Today's journey.Today's journey.

It's kind of pointless to stay home during Christmas and New Year: too many days off, too many destinations to visit. Also, I need to test out a few more items of camping gear that I purchased recently. Time to hit the road again, I think!

On a bright Saturday morning I leave Sydney and begin my journey west... which I begin by a short journey south. I've never been to the Snowy Mountains before, and it's only a day's drive away. Not that they're particularly snowy at this time of year, but I'm not looking for that kind of entertainment just yet. I've seen way too much of it growing up, and after nine years of living in Australia, I'm still not nostalgic enough.

There isn't much to say about the road to the Kosciuszko National Park – apart from the fact that on my way there I stop in Canberra for a lunch, and it looks just as nice as it did two-odd years ago. However, on my way out I make a couple of interesting stops for roadside photography. The first one happens when a batch of a dead gum trees, scattered among the rocks (or the other way around), catches my attention. Of course, it's a rural property, so there's plenty of cows and sheep around as well.

Trees and rocks. Always a scenic combo.Trees and rocks. Always a scenic combo.

Some interesting deadwood, too.Some interesting deadwood, too.

Sheep!Sheep!

Cows!Cows!

More trees! More rocks!More trees! More rocks!

The other stop is near the Jindabyne Lake, which is very close to my destination. The lake is very pretty, and I imagine that from certain vantage points, and with a great sky of clouds, you could produce some excellent imagery there. I, on the other hand, have to improvise and make do with what I have on the spot.

The Jindabyne Lake.The Jindabyne Lake.

The mountains are close.The mountains are close.

The water is so clear.The water is so clear.

Some interesting cracks in the dirt.Some interesting cracks in the dirt.

And now I'm finally in the mountains! Costs me a pretty penny to get in: 17 dollars (29 during winter). Let's see if it's worth all the money and hype. For my first brush with the alpine wilderness, I choose the Dead Horse Gap – doesn't sound intimidating at all, does it?

The most striking feature of the park (at least from my brief encounter with it) is lots and lots of dead white gum trees all over the place. At least I think that they're dead, but maybe they're just pretending? Either way, they make for a very interesting and somewhat bizarre scenery; especially with all the clouds that tend to roll in every so often and slide right on top of them. It's pretty high above the sea level here, after all.

Entering the park. Those trees are so white!Entering the park. Those trees are so white!

See the road that I just came here from?See the road that I just came here from?

A small river at the Gap.A small river at the Gap.

Many different shades of green around.Many different shades of green around.

Welcome to the trail!Welcome to the trail!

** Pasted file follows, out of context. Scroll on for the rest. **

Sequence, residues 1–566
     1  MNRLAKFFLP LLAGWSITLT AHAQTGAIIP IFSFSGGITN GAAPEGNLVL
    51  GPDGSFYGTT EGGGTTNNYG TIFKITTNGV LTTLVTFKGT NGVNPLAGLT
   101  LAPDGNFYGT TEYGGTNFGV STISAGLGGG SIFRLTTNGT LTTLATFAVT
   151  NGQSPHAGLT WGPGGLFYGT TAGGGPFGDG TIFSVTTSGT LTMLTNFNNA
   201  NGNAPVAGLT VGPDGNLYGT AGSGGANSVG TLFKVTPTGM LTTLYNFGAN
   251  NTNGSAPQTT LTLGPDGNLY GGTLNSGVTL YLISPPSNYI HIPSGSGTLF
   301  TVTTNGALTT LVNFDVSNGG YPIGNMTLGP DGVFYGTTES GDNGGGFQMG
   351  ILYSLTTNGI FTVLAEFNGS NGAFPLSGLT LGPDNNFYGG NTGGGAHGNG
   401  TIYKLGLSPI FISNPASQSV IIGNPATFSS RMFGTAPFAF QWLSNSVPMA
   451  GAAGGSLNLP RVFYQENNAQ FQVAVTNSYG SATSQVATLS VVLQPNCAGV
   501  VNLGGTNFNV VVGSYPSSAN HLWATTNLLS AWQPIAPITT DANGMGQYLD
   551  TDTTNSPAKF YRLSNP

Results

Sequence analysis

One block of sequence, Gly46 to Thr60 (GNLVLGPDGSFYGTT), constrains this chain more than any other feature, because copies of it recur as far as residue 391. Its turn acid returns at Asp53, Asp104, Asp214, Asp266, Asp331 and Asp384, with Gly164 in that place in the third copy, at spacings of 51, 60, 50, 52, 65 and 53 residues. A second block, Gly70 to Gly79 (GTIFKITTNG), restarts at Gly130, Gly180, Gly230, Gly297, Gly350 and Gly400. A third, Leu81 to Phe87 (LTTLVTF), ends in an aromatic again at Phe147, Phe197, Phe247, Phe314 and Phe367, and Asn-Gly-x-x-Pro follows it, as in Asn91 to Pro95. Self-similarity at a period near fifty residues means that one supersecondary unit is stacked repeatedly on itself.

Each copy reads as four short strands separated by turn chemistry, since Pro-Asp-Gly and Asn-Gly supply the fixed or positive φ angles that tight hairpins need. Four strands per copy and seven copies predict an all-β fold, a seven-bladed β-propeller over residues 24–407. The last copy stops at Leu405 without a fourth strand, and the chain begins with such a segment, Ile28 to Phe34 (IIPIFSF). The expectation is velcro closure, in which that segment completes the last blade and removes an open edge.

A natural frame.A natural frame.

I make my way uphill about halfway through the trail, taking pictures at almost every step, but then the setting sun forces me to retreat: I need to find my camping spot yet, after all. It's not too far away, and the mountain road, as usual, gives me more than a fair share of twists and turns.

Looking up.Looking up.

White as bone!White as bone!

Lots of grass and moss around, too.Lots of grass and moss around, too.

The mountains are shrouded in clouds.The mountains are shrouded in clouds.

Deadwood is everywhere.Deadwood is everywhere.

Lots of it!Lots of it!

The clouds are rolling in.The clouds are rolling in.

Quite an infernal sunset.Quite an infernal sunset.

Feels like it would rain at any minute. But it doesn't.Feels like it would rain at any minute. But it doesn't.

Light is changing literally every minute...Light is changing literally every minute...

...and soon will be gone entirely....and soon will be gone entirely.

Tonight's the big night: this is the first time I'm trying out my awning tent, which I've purchased recently. Takes me a while to figure out where all the poles, ropes and zippers go, and by the time I'm finished it's already dark, and the moon is peeking through the tree tops to marvel at my efforts. It's not alone at that: a few curious kangaroos stop by as well to check out what I'm doing. They act apprehensive, but not very frightened – it's a national park, after all. And a popular camping spot, too: there's quite a few vehicles and trailers scattered around. Luckily, there's plenty space for everyone, and it's entirely free of charge as well.

In the gathering dusk.In the gathering dusk.

The neighbours and the moon.The neighbours and the moon.

More neighbours!More neighbours!

I spend some time in my new awning tent offloading images from the camera and doing some preliminary editing on them; but after a while it gets quite chilly, so I retreat to my sleeping quarters, which is in the back of the car. It's been a long drive, after all, and an even longer drive is waiting for me tomorrow.

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